Wednesday, December 23, 2015
Saints Remembered Florence Italy
Dear Art Lover,
A lot of cultures have quite exotic rituals about the dead, especially those they deem important dead. Italy, perhaps being Italy, tends to create elaborate sculptural containers out of precious materials. They hold the relics of saints, often parts of bones. The creativity of these containers, as well as the metals and stones that were used, give one an idea of how treasured are these revered creatures.
The images on this page come from some of the collection of the Museo dell’Opera in Florence, Italy. Two of the Florentine-based artists responsible for such artworks are Giovanni Battista Foggini and Bernardo Holzmann. They created the Reliquary of Saint Agatha’s Veils and other relics between 1710 and 1714.
G.B. Foggini, sculptor: https://en.wikipedia.org/wiki/Giovanni_Battista_Foggini
Sig. Foggini sculpted the tomb of Galileo Galilei inside Basilica di Santa Croce. After he became his time’s favored sculptor of the Medici, he bought a bronze foundry on Borgo Pinti in Firenze. It was once owned by Giambologna. Who believes this? Sometimes it blows my mind, this city so full for centuries, of artists, architects, and artisans.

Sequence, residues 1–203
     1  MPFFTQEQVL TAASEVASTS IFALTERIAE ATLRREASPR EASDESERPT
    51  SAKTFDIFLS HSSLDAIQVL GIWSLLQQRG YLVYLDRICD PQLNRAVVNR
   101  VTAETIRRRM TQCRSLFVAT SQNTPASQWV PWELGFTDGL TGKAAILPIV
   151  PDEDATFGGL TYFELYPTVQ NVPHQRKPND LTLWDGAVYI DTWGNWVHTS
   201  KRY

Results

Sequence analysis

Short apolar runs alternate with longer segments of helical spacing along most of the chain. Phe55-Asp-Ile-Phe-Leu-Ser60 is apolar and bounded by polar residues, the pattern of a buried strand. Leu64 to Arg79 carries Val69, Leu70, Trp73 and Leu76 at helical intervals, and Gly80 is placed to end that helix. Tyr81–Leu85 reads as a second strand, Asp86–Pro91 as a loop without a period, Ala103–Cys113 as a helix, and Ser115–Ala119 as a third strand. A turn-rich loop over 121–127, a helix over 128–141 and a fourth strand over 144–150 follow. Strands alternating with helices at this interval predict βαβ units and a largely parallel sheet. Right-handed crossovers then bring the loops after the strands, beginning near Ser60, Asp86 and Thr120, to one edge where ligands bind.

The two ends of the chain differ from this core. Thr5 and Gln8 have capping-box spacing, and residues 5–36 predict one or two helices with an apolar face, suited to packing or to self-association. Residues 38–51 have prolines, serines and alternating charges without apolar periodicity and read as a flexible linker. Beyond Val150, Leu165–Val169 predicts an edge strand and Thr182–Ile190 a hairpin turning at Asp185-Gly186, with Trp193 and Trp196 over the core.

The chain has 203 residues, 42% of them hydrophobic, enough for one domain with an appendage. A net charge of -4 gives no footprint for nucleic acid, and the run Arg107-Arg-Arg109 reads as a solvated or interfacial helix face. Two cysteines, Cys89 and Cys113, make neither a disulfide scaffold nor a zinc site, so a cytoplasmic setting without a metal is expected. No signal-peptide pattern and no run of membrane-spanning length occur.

Not much is known about Bernardo Holzmann, as far as the place of his birth or the date, but he is likely German. His work is known in Tuscany, mostly connected with the Gran Ducal workshops and G.B. Foggini. He died in 1728 in Florence, Italy.
Here is an article (in Italian) about the artist:
but you may also put his name into Google and then click on “Images” to see much more of his work.
While these designs are too ornate for my personal taste, I like the idea of them. They are signs that we cherish someone with desirable qualities. We cherish a “brava persona,” a person whose words match his actions, a person who thinks of and helps others. We cherish those who truly know how to love.
Cherishing is one of the qualities that we need more of in the world. I love it because it is a cousin to Gratitude and Appreciation. And on that note:
Happy birthday, MOM! You make 70 years look good! Keep on keepin’ on.
Happy 70th birthday to you, my mamma! You made it possible for me to do so many things, most notably, the artist that I strive to be and the courage to try it all. Thanks, Mom. I love you!
Happy 23 December to you all.
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